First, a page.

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A Mysterious Papyrus Manuscript and a UFO Encounter in Ancient Egypt

There have long been stories of visitors from other worlds showing themselves to the ancients. Such tales are often long lost to history, ancient events lost to the mists of time and only known through hints and clues left in the past. The idea that UFOs and aliens were seen and experienced back through history is nothing new, and there are various stories such as these, very often leaving us frustrated in the absence of any real answers. One such case is that of an ancient Egyptian papyrus that allegedly contained perhaps one of the oldest accounts of alien contact there is, but which has gone on to remain lost and much debated.

In 1953 there appeared a very curious article in a newsletter published by the Fortean Society and dedicated to strange phenomena, called Doubt, also known as Fortean Society Magazine. The article was published by Tiffany Thayer, who co-founded the Fortean Society in New York City in 1931, and was for a time one of its most prolific researchers and writers. The article in question was in relation to a manuscript that Thayer claimed to have received from an Italian-Russian Egyptologist and writer on Africa and the ancient world by the name of Boris de Rachewiltz, who had supposedly retrieved some old papyrus papers left by an Alberto Tulli, a deceased museum director with the Vatican Egyptian Museum. Ancient Egyptian papyrus manuscripts were nothing new or even necessarily particularly bizarre at the time, but these were different in that they would weave a tale of what would appear to be an ancient encounter with UFOs.

Apparently, Rachewiltz had managed to piece together and translate the text on the tattered, fragmented old manuscripts with the help of Egyptologist Étienne Drioton, and had determined them to be from the Annals of Thutmose III, dated to during the 18th dynasty, around 1480 BC, and they had quite the tale to tell. According to the text, numerous witnesses, including an entire Egyptian army, bore witness to a very strange and spectacular sequence of events in the sky, of which it was written:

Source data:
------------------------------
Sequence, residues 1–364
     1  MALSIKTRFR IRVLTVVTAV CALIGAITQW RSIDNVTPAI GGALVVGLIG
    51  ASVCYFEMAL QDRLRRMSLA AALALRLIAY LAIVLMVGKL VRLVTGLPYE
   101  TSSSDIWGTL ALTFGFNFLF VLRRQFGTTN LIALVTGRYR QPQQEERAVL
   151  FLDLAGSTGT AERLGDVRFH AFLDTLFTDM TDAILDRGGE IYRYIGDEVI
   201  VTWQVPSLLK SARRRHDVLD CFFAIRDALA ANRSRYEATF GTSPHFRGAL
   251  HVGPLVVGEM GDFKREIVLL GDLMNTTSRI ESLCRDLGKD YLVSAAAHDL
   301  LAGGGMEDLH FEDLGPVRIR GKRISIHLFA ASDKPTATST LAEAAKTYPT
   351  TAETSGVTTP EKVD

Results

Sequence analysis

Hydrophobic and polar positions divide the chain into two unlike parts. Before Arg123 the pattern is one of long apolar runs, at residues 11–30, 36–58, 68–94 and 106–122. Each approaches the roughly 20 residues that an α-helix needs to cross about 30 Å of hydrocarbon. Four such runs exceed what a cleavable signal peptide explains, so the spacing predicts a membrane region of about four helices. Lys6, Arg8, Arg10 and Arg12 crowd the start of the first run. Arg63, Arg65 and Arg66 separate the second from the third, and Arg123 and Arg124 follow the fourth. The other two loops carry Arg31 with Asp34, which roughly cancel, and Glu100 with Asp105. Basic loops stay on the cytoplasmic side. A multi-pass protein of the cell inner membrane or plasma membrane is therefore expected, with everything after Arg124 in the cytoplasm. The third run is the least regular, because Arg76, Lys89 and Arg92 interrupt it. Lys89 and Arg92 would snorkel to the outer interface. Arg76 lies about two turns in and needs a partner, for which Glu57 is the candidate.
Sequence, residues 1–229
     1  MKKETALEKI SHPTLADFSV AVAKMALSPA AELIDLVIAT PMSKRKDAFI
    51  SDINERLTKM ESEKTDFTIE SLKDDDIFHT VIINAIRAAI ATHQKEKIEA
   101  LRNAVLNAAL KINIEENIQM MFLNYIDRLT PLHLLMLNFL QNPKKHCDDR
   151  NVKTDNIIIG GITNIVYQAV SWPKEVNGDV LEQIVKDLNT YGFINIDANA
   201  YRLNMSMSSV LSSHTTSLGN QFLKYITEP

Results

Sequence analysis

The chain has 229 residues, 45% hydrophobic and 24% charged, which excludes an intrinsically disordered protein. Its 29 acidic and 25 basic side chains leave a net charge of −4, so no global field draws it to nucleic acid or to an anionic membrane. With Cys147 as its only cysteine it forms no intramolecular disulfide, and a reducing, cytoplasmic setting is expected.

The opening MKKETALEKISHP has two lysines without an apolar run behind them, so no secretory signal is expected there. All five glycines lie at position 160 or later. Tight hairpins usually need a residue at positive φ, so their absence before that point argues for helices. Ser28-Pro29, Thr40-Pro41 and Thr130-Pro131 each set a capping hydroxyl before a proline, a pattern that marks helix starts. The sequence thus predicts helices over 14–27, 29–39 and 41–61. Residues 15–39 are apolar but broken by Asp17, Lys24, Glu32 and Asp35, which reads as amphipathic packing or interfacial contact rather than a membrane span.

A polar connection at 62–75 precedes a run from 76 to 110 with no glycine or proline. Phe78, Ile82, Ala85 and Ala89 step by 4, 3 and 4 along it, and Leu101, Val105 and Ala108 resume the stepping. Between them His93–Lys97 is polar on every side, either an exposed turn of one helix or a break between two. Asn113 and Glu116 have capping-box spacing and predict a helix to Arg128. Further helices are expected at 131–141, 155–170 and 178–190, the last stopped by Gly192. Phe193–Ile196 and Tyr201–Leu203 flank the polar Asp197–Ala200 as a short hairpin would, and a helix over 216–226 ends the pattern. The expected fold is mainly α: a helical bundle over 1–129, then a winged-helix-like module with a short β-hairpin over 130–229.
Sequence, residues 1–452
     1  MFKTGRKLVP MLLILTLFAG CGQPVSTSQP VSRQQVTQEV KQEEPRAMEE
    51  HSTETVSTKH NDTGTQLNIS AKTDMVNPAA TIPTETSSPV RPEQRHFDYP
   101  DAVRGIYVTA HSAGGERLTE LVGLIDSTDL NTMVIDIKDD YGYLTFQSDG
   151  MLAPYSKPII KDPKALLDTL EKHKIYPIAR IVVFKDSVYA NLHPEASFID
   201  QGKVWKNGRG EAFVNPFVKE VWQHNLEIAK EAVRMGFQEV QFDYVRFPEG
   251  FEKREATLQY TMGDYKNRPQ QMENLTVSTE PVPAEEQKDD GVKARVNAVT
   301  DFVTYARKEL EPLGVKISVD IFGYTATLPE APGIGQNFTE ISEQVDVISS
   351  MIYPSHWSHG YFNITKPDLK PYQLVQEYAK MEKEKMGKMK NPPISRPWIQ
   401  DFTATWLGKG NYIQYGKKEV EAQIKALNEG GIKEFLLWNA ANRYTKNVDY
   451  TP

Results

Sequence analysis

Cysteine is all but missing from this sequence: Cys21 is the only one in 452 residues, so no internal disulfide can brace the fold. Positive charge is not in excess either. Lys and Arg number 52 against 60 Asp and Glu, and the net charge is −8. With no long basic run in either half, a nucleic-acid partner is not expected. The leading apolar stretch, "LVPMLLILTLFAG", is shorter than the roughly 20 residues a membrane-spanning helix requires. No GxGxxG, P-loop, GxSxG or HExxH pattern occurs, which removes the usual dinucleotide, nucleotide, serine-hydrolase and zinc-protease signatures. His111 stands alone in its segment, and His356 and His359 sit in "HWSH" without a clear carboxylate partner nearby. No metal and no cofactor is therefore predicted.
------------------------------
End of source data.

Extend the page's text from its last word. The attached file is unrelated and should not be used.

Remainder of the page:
In the year 22, in the third month of winter, in the sixth hour of the day, the scribes of the House of Life noticed a circle of fire that was coming from the sky. From the mouth it emitted a foul breath. It had no head. Its body was one rod long and one rod wide. It had no voice. And from that the hearts of the scribes became confused and they threw themselves down on their bellies then they reported the thing to the Pharaoh. His Majesty ordered that the scrolls [located] in the House of Life be consulted. His Majesty meditated on all these events which were now going on. Now after some days had passed, these things became more and more numerous in the skies. Their splendor exceeded that of the sun and extended to the limits of the four angles of the sky. High and wide in the sky was the position from which these fire circles came and went. The army of the Pharaoh looked on with him in their midst. It was after supper. Then these fire circles ascended higher into the sky and they headed toward the south. Fish and birds then fell from the sky. A marvel never before known since the foundation of their land. And the Pharaoh caused incense to be brought to appease the heart of Amun-Re, the god of the Two Lands, and what happened was ordered to be written in the Annals of the House of Life so that it be remembered for all time forward.